By Linda Hutchinson-Jafar
PORT OF SPAIN, Trinidad, 26 April 2023 (IDN) — The Caribbean, a popular tourist destination known for its sun-kissed beaches, tranquil waters, and vibrant culture, is facing a harsh reality due to the devastating impacts of climate change. (P02) JAPANESE
As a critical economic lifeline for many Caribbean islands, the tourism industry is confronting an existential crisis as global warming takes its toll on the region’s delicate ecosystems, infrastructure, and the livelihoods of communities.
With rising sea levels, intensifying storms, and deteriorating coral reefs, the future of Caribbean tourism is at stake, necessitating urgent action and adaptation to protect this beloved destination.
Nicola Madden-Greig, President of the Caribbean Hotel and Tourism Association emphasized that tourism is the primary economic driver of the Caribbean and the region most reliant on travel and tourism globally. “The decline in tourism due to climate change would devastate the overall economy, directly impacting other sectors such as agriculture, manufacturing, transportation and the creative industries,” she said in an interview with IDN.
In 2019, eight out of the ten most tourism-dependent countries worldwide were in the Caribbean. Although the sector’s average annual growth rate of 3% surpassed the regional economic growth of 1.3% between 2010 and 2019, it fell short of the global average Travel & Tourism growth of 4.2%, according to the World Travel & Tourism Council (WTTC).
The WTTC’s current growth trajectory projects that, over the next decade, Travel & Tourism (T&T) GDP in the Caribbean will increase at an average annual rate of 5.5%, more than double the overall economic growth of 2.4%. T&T jobs are expected to grow by an average rate of 3.3% annually, generating over 916,000 new jobs by 2032.
The International Labour Organization (ILO) estimates that, on average, the tourism industry directly contributes up to 33% of Gross Domestic Product (GDP), 52% of export receipts, and over 43% of indirect and direct employment. In heavily tourism-dependent countries like Antigua and Barbuda, employment can reach up to 90%. In 2021, the travel and tourism sector in the Caribbean contributed over US$ 39 billion to GDP, with the Dominican Republic and Cuba registering the highest contributions, as reported by Statista.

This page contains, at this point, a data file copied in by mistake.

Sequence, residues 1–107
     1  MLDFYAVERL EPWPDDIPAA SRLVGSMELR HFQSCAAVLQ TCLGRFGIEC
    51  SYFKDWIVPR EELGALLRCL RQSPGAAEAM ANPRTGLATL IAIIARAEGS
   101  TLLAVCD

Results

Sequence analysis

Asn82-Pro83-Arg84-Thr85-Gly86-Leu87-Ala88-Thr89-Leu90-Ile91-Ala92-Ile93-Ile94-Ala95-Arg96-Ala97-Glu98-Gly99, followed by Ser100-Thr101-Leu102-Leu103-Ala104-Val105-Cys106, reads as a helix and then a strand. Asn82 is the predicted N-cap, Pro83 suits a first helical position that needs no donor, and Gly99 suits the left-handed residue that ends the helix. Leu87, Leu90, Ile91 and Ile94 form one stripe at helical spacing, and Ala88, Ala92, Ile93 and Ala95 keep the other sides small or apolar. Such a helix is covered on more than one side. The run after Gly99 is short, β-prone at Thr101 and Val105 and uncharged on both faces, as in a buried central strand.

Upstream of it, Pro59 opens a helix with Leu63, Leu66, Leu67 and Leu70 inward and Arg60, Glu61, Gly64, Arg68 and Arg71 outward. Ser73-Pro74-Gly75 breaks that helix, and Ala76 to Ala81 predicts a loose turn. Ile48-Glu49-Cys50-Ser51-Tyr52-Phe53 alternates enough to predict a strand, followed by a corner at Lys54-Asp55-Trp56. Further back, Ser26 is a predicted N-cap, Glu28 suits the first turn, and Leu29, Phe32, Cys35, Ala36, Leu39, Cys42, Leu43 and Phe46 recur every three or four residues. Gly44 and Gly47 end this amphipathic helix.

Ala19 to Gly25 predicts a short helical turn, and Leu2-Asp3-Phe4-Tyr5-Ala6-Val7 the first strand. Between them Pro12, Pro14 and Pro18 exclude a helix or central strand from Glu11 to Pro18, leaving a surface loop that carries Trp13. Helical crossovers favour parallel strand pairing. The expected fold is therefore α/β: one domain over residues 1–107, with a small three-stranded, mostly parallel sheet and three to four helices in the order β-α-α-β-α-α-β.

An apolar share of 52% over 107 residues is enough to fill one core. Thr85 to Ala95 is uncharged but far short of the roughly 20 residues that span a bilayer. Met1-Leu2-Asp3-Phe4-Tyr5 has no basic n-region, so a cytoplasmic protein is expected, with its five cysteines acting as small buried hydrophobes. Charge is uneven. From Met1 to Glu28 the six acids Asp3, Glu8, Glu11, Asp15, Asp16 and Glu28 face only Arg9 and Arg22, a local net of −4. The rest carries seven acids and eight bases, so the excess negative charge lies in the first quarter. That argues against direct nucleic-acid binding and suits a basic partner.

Madden-Greig highlighted the severe threat posed by rising sea levels and the alarming forecast from the 2018 Intergovernmental Panel on Climate Change (IPCC), which predicted that a 1.5-degree Celsius increase in global warming would cause between 70-90% of the world’s coral reefs to vanish. “It would be catastrophic for tourism in the Caribbean region that depends heavily on its natural resources and food supply,” she added. Without drastic action to reduce greenhouse emissions, Madden-Greig warned that by the early 2030s, 99% of the world’s reefs would experience heatwaves too frequent for recovery.
Neil Walters, Acting Secretary General of the Caribbean Tourism Organization (CTO), emphasized that since climate change threatens the tourism industry’s integrity and stability, initiatives to manage the industry’s response and mitigate its overall environmental footprint are essential. “It is clear, however, that the tourism industry cannot address the challenge of climate change in isolation but must do so within the context of the broader international sustainable development agenda,” he told IDN.
CTO, whose membership includes governments and non-government tourism entities across Dutch, English, French, and Spanish countries and territories, along with CHTA and the Caribbean Alliance for Sustainable Tourism (CAST), have signed the Glasgow Declaration for Climate Action in Tourism. Launched at the UN Climate Change Conference (COP26) in Glasgow in November 2021, the declaration serves as a commitment and call to action for all travel and tourism stakeholders to accelerate climate action in tourism.
Walters stated, “The Glasgow Declaration emphasizes collaboration and cooperation among stakeholders related to the tourism industry, aligning with CTO’s strategy to manage the industry’s response and build partnerships for advocacy, education, and awareness to support mitigation and adaptation efforts.”
Madden-Greig indicated that the Caribbean played a pivotal role in developing and ratifying both the Paris Agreement and the Glasgow Agreements. “CHTA/CAST added its support, endorsing our more than 20 regional countries in advancing global support. The Caribbean is one of the most vulnerable areas in the world to climate change, and we must be one of the world’s most outspoken and exemplifying advocates,” she asserted.